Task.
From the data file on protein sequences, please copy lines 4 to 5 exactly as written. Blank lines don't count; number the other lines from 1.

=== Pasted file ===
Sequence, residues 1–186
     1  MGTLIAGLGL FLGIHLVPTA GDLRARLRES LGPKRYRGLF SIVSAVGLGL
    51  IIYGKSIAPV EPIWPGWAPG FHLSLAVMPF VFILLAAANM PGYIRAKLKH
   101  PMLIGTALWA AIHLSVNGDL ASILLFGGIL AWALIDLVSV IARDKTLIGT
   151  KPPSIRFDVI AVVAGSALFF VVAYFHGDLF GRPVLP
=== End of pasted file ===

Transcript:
   101  PMLIGTALWA AIHLSVNGDL ASILLFGGIL AWALIDLVSV IARDKTLIGT
   151  KPPSIRFDVI AVVAGSALFF VVAYFHGDLF GRPVLP